Spring Wrap: Wide Receivers

Our third review of spring ball in the "Incomplete" series examines Notre Dame's eight-man receivers corps. Who stood out, who disappointed, and who'll join the fray for the fall?

Wide Receivers -- In Flux

The unit practiced most of the spring with just eight scholarship players after the transfers of sophomores Davonte Neal and Justin Ferguson. Two more will join in the summer. Of the ten 2013 scholarship receivers, only two exhaust eligibility at season's end.

Spring Pecking Order: Seniors T.J. Jones and Daniel Smith, along with rising junior DaVaris Daniels are far ahead of the pack, with sophomore Chris Brown and redshirt-freshman C.J. Prosise locks for the game day rotation next fall. A pair of early enrollees, Corey Robinson and James Onwualu, along with senior Luke Massa fill out the eight-man group exiting spring. Robinson was the most impressive of the latter trio, routinely making leaping, acrobatic receptions at practice prior to suffering a hyperextended elbow -- executing a diving catch, no less -- one week prior to the spring game.

Spring Star: Jones was easily the best and most consistent player, but Prosise was the unit's major riser, his move from safety to wide receiver, and immediate contention for playing time, the lead storyline. At 6'2" 217 pounds, Prosise resembles a running back but brings strong ball skills to the slot.

Aid on the Way: A pair of four-star prospects in Will Fuller and Torii Hunter, Jr. Hunter suffered a broken femur in January but is reportedly ahead of schedule in his recovery.

Remaining Spring Questions

Why didn't Daniels step up to Jones' practice level after starring in last year's BCS Championship game? Can Prosise become a reliable weekly option by mid-September when the Irish hit the meat of their schedule? Can Smith add the threat of a mid-range possession game to his run blocking prowess? Can Jones be a 50-reception, 8-touchdown, chain-moving threat without Tyler Eifert drawing the lion's share of attention from secondaries?

Can Robinson do enough inside the hash marks to become a viable weekly option in the red zone? Or for at least five snaps per game? Can Onwualu join the back end of what is expected to be a six-player Saturday rotation? Are Brown's one-trick pony days (the post-route) in his rear view? Can Brown or Robinson execute blocks when the offense audibles to a run call? At 6'4" 234 pounds, what does Massa bring as a blocker? Will Prosise's size be evident as a perimeter blocker?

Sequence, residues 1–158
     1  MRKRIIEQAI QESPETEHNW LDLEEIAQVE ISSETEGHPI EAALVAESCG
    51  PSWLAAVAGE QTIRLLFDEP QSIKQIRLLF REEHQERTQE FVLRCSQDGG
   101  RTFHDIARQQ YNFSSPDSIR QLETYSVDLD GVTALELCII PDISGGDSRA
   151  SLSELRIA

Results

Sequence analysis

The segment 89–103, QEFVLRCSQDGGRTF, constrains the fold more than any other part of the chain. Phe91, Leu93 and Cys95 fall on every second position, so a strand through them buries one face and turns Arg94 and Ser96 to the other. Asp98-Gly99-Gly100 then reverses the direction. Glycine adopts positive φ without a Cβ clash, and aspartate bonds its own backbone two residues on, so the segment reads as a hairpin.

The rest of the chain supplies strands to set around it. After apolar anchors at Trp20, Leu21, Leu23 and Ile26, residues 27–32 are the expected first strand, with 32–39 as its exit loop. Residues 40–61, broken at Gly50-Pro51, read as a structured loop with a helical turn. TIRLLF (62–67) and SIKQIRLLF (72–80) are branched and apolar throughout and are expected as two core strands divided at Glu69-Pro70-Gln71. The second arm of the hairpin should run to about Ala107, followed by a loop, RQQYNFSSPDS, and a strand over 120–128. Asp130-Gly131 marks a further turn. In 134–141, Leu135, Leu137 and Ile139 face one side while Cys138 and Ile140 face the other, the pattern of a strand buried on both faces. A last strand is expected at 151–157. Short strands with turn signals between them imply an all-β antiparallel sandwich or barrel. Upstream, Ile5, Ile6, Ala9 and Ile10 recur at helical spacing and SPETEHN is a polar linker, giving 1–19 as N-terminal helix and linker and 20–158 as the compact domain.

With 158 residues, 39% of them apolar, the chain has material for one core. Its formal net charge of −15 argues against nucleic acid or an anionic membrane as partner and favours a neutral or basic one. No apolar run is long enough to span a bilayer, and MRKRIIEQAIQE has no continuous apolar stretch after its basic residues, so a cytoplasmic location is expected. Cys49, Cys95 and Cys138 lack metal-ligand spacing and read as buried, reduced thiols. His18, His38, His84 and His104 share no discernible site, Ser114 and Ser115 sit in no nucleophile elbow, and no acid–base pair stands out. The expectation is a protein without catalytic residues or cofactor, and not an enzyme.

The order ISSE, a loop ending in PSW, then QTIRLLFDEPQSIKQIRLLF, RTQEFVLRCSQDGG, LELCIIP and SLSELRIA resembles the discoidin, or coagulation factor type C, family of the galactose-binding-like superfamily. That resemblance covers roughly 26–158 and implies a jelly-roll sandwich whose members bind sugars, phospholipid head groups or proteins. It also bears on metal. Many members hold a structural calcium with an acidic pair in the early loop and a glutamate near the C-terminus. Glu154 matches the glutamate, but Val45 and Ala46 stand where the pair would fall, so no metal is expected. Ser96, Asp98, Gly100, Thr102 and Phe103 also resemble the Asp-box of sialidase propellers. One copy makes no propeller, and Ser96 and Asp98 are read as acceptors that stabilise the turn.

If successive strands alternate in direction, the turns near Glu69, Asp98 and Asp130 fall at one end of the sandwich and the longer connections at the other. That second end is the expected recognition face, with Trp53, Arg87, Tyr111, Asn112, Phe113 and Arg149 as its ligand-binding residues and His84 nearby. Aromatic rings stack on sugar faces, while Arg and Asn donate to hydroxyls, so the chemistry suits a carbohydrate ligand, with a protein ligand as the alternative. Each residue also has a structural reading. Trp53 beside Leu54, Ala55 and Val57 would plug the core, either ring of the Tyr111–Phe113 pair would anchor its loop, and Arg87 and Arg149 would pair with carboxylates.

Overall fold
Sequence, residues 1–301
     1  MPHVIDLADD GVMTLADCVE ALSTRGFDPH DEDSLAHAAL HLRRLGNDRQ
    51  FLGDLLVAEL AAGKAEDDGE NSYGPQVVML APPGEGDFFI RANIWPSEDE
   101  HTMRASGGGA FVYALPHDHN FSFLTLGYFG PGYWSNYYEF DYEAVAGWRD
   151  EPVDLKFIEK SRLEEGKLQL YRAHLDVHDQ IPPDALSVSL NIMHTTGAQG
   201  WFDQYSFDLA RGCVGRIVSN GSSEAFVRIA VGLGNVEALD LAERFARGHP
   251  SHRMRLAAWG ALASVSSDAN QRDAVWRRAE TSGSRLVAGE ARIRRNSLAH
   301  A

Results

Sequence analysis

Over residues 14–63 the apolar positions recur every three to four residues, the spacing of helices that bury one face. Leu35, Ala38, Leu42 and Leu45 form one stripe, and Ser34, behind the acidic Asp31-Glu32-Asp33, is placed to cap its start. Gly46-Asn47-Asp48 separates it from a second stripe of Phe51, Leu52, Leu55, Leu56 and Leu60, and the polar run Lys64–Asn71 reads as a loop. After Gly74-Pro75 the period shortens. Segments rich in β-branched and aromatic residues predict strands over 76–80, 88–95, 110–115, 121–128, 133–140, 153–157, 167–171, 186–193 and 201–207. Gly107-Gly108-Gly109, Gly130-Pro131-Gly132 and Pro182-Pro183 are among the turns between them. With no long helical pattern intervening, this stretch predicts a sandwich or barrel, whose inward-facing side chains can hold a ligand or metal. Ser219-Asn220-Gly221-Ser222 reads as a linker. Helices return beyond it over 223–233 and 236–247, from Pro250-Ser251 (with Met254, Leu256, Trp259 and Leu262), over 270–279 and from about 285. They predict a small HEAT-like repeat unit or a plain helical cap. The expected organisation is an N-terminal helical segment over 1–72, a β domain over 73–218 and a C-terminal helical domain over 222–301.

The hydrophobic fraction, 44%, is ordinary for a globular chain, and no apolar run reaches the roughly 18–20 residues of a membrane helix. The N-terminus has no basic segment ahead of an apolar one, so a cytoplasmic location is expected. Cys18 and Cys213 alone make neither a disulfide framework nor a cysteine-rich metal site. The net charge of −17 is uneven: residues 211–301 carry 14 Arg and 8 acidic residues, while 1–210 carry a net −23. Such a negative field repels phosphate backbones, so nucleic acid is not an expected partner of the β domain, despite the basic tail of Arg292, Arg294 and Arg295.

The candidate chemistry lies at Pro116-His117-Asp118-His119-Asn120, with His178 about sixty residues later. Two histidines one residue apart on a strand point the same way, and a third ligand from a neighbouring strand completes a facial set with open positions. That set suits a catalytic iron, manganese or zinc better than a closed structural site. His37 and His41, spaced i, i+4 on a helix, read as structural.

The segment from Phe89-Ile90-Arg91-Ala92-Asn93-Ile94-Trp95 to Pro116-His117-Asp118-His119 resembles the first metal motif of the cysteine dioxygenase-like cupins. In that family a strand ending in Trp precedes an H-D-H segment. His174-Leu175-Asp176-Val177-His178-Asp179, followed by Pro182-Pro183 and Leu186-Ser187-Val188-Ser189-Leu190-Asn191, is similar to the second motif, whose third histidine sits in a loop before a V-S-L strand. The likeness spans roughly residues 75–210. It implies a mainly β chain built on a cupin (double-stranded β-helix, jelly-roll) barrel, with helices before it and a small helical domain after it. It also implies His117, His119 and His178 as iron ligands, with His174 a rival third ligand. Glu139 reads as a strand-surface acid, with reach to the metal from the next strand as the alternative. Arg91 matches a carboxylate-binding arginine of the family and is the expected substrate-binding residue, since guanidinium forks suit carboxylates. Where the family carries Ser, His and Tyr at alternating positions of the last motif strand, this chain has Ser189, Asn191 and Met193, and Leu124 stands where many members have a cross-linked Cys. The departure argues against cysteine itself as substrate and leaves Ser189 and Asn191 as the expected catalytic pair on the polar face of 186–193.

Can Daniels reach his considerable ceiling this fall, or will Irish fans be forced to wait until 2014? Can he stay healthy after ankle, collarbone, and knee injuries -- the latter minor this spring -- over the last seven months?

Final Thoughts

Either Fuller or Robinson is likely to emerge as the No. 6 receiver by mid-season; look for Onwualu to contribute on special teams from the outset…The offense needs three major unknowns to come to fruition: Smith must become a viable pass-catcher as a senior; Daniels must emerge as one of the team's 3-4 best offensive players as a junior; and Brown must become a legitimate BCS Bowl-level receiver as a true sophomore…Jones will play well -- can he and Daniels put the passing game on their backs in Ann Arbor while the rest of the group adjusts?

Considering Eifert was largely a receiver in 2012, for the first time since 2007, the unit includes far more questions than answers.

Next in the series: The team's tight ends…

Intro to Series

A key defensive line prospect. The nation's best high school linebacker. Two punters (phew!). The offense's quickest player. Two of the defense's three best cornerbacks. One of its three best inside linebackers. Two of its five best safety prospects. Two running backs capable of winning weekly roles. Two freshmen pass targets (one already on campus) capable of filling in at the back end of the rotation. Countless special teams contributors.

The list of potential -- and in many cases, certain -- 2013 commodities not involved in Saturday's quirky Blue Gold Game ranks as one of the spring game's most relevant stories, and leads to my final grade on head coach Brian Kelly's Irish as they exit a 15-session, five-week spring:


Just as it did in 2012 -- a national runner-up season and the best in 19 years for the program -- Notre Dame's 2013 football team will be made whole by its first-time scrimmage contributors.

That list last fall included major contributions from the likes of Tony Springmann, Danny Spond, Keivarae Russell, Matthias Farley, Sheldon Day, DaVaris Daniels, Daniel Smith, Chris Brown, Nicky Baratti, Elijah Shumate, and of course, Everett Golson.

"We're also going to bring in a number of freshmen that I'm certain are going to be involved in special teams, especially some of those bigger-bodied guys," said Kelly during his spring wrap-up press conference. "You've got (Michael) Deeb and (Doug) Randolph and Jaylon Smith and Max Redfield just to name a few. We've got some guys coming in, some DBs, in (Devin) Butler and (Rashad) Kinlaw. There is going to be an influx of talented guys that can help us in that area."

And from scrimmage as well, not only the freshmen, but those returning from injury, little-used players from 2012, and a host of others. The only guarantee for 2013 is that September's lot of key contributors will differ -- perhaps greatly -- from November's.

Over the next three days at Irisheyes.com we'll conclude our review of spring ball 2013 with a position-by-position look at where each unit stands, and from who it will receive aid in August camp and throughout 2013.

For our review of the running backs, Click here.

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